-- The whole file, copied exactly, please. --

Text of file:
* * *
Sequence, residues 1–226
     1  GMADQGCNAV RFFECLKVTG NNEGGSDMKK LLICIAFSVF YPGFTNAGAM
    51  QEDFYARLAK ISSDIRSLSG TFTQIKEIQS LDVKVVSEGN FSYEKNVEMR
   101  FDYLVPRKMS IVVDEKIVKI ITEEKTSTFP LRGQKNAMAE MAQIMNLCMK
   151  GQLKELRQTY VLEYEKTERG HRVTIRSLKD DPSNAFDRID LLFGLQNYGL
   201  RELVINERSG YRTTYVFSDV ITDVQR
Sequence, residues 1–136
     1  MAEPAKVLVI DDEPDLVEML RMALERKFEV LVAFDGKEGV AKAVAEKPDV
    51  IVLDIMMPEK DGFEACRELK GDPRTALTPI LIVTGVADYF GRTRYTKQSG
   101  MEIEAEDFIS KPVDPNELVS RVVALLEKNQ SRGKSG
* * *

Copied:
Sequence, residues 1–226
     1  GMADQGCNAV RFFECLKVTG NNEGGSDMKK LLICIAFSVF YPGFTNAGAM
    51  QEDFYARLAK ISSDIRSLSG TFTQIKEIQS LDVKVVSEGN FSYEKNVEMR
   101  FDYLVPRKMS IVVDEKIVKI ITEEKTSTFP LRGQKNAMAE MAQIMNLCMK
   151  GQLKELRQTY VLEYEKTERG HRVTIRSLKD DPSNAFDRID LLFGLQNYGL
   201  RELVINERSG YRTTYVFSDV ITDVQR
Sequence, residues 1–136
     1  MAEPAKVLVI DDEPDLVEML RMALERKFEV LVAFDGKEGV AKAVAEKPDV
    51  IVLDIMMPEK DGFEACRELK GDPRTALTPI LIVTGVADYF GRTRYTKQSG
   101  MEIEAEDFIS KPVDPNELVS RVVALLEKNQ SRGKSG